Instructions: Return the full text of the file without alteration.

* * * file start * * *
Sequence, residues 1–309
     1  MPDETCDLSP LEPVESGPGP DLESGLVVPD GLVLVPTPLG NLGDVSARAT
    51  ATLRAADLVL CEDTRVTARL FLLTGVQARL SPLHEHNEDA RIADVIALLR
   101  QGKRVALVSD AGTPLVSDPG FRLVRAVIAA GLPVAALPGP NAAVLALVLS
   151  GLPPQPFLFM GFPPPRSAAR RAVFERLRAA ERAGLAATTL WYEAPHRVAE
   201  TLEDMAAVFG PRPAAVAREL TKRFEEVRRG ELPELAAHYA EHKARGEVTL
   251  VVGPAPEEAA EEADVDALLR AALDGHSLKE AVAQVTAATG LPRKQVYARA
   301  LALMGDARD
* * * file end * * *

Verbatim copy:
Sequence, residues 1–309
     1  MPDETCDLSP LEPVESGPGP DLESGLVVPD GLVLVPTPLG NLGDVSARAT
    51  ATLRAADLVL CEDTRVTARL FLLTGVQARL SPLHEHNEDA RIADVIALLR
   101  QGKRVALVSD AGTPLVSDPG FRLVRAVIAA GLPVAALPGP NAAVLALVLS
   151  GLPPQPFLFM GFPPPRSAAR RAVFERLRAA ERAGLAATTL WYEAPHRVAE
   201  TLEDMAAVFG PRPAAVAREL TKRFEEVRRG ELPELAAHYA EHKARGEVTL
   251  VVGPAPEEAA EEADVDALLR AALDGHSLKE AVAQVTAATG LPRKQVYARA
   301  LALMGDARD